• Assessment: smoking cessation counseling, nicotine use disorder, HTN (if they have it), diabetes (if they have it), list out their current health problems
  • Plan: Talk to them about the options for quitting (patches, medications, lozenges), chest Xray to establish baseline, counsel them on the emotional difficulties of quitting

The keys to this patient encounter will be that you know the options for helping patients quit smoking, doing drugs, or drinking. Spend time getting to know the different types of cessations methods.

Above all else though, your behavior and emotions during these encounters will dictate a lot of your overall score. If you spend time being excited that the patient is desiring to quit and show that you are excited to the patient then you will get some good bonus points.

These are straight forward cases as long as you know the basic cessation methods for smoking, alcohol, or drugs.

NBOME reference page here.

Common COMLEX PE Case #5: Shortness of Breath

This could be a million different things, and your ability to nail it down based on a 14 minute encounter is not what the NBOME is looking for.

If you get a patient encounter on your COMLEX PE that has the complaint of shortness of breath then the important thing is that you are able to effectively work the patient up and rule out the bad things (like PE or pneumonia).

  • History to ask: When did it start, cough associated, do you feel weak, what makes it better, what makes it worse, any chest pain, smoker, travel, hypercoagulability disorders
  • Physical to perform: Look in throat, listen to heart and lungs, look at legs for swelling or redness
  • Assessment: Depends on what you find. Could be pneumonia, could be PE, could be anxiety (young patient), could be a URI
  • Plan: Once again, depends on what you find. If Pneumonia (chest xray and antibiotics), if PE (CT angio chest, D-Dimer), if anxiety (counsel patient, start SSRI)

The key to this one is to be able to rule out the serious or scary things, and if it is related to anxiety that you appropriately counsel and discuss medication options.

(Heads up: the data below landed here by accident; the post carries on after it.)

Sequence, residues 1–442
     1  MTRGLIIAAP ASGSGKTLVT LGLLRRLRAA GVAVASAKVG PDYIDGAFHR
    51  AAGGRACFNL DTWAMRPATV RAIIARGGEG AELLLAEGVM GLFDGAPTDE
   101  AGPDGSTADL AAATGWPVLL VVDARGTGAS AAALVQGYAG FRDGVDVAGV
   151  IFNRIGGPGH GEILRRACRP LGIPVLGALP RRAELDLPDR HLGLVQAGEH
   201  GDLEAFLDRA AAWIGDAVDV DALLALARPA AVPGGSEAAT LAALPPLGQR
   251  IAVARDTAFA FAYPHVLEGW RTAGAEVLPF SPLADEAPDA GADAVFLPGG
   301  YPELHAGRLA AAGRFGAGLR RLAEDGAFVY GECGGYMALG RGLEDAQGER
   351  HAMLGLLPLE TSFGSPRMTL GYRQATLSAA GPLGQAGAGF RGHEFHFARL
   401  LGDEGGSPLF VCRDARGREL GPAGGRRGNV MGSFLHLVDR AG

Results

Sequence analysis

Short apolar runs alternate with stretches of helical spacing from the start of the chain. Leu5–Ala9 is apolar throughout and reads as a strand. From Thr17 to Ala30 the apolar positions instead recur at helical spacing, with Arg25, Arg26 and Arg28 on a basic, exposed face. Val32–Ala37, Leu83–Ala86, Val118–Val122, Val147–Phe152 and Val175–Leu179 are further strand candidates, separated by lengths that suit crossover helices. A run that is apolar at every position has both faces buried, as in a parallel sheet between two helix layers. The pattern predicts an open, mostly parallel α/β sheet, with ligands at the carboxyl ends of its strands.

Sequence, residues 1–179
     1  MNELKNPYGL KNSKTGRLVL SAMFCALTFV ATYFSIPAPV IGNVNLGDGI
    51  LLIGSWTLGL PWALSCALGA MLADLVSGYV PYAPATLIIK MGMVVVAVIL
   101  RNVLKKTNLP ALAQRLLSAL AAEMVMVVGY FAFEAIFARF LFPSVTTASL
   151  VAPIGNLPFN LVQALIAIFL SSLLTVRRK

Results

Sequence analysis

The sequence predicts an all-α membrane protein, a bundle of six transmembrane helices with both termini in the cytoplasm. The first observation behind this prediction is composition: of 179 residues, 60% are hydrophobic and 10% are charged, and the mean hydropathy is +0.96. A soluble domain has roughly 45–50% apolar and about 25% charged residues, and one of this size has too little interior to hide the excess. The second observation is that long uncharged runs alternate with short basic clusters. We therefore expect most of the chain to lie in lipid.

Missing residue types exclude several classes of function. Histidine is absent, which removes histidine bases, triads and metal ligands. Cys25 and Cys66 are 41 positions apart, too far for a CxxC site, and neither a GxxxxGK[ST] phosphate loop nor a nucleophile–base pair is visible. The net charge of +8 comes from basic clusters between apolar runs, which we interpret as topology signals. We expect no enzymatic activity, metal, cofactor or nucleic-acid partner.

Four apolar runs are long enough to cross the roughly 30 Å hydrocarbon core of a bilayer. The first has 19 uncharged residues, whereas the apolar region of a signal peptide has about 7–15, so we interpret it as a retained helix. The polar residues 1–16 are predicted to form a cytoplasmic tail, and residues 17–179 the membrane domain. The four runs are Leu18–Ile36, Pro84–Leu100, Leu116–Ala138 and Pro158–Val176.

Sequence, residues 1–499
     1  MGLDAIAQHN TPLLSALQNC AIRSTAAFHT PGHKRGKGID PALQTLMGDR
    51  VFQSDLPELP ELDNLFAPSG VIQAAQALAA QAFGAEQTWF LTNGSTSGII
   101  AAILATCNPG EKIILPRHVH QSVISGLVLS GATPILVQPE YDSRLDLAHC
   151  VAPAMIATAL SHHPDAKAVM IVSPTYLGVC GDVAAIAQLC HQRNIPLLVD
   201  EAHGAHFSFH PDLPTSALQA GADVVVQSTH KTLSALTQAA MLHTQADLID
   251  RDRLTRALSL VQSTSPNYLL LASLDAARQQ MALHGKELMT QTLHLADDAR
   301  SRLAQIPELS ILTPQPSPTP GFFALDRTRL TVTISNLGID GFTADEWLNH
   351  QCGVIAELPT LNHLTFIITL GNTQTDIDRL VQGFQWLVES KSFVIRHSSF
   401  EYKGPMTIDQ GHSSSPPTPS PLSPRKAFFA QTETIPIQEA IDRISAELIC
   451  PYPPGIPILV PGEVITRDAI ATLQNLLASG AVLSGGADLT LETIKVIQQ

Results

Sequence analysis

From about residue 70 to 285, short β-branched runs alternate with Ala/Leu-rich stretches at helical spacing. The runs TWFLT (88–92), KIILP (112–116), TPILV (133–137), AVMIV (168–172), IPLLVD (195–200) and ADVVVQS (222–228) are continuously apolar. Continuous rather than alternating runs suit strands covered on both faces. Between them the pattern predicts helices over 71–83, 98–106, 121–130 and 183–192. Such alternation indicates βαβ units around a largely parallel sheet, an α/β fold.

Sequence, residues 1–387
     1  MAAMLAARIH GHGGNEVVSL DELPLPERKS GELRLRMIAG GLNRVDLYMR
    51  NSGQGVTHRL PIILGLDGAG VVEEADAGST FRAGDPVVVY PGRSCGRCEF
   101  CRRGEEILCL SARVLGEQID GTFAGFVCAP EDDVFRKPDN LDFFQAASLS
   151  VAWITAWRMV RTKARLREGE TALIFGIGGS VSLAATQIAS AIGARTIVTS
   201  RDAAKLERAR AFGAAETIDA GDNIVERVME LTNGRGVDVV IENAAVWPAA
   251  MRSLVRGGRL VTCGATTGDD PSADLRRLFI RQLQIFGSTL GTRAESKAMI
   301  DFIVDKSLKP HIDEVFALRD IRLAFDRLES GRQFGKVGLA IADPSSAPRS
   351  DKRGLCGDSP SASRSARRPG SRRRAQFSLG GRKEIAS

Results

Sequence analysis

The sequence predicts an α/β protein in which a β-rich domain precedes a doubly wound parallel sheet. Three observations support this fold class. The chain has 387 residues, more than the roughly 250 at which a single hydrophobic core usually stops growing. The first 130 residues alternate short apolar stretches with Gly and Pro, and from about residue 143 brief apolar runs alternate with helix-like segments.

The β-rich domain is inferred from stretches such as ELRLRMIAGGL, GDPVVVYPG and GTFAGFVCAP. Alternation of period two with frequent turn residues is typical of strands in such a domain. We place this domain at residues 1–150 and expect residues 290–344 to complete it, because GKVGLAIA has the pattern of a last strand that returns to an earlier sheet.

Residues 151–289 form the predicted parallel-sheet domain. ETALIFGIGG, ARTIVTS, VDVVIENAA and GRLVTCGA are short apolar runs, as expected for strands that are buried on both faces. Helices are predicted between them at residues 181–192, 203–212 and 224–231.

NBOME reference page here.

Common COMLEX PE Case #6: OMM Cases

It is pretty obvious that you will have a few OMM cases on the COMLEX PE. The issue is, how are you supposed to talk to, diagnose, and treat the patient in such a short timeline. You only have 14 minutes to do it all.

Also, not only do you have to do it all, but you are being graded on your confidence and proficiency with which you perform OMM on the patients.

Instead of going through the typical SOAP note outline with OMM, we will instead talk about preparing for the OMM portion, and some important points of it. Let’s hit three important tips that you need to know about your OMM patients for the COMLEX PE.

Tip#1: Don’t do OMM on everyone. This is a recommended strategy by so many students, and I can tell you that it is just plain wrong. You will actually lose points if you just perform OMM on each standardized patient. You need to be selective about which patients you do OMM on.

Tip #2: Don’t do the same two techniques on each case. You need to have an idea on how to perform multiple different techniques. If you do the same thing over and over again you run the risk of not getting full credit for your OMM portion of grading.

Tip #3: Learn and plan on using a specific technique for every body region. Know something for the upper extremities, know something for the lower extremities, know ribs, know what you want to perform for a patient with a URI or sinusitis, know what will work for chronic constipation, know something for each body region.

The biggest thing with the COMLEX PE is that you need to know the grading standards and then you just need to practice. Once you know how you are graded and the expectations of you, then you can basically go through a process of knowing how you will approach each patient and the soap note.

If you are struggling and need help with learning the ins and outs, how to succeed, and each individual component of the COMLEX PE then check out Com Prep Med’s Crush the COMLEX PE Course.

This course will walk you through each step of the PE, how to maximize your points on said sections, and ultimately how to know you will pass.

Crush the COMLEX PE also comes with over 40 practice cases that are extremely high yield and were built in the same manner as this post, off of what the NBOME says directly on their site.

I really hope this article can help you prepare for and absolutely crush your COMLEX PE.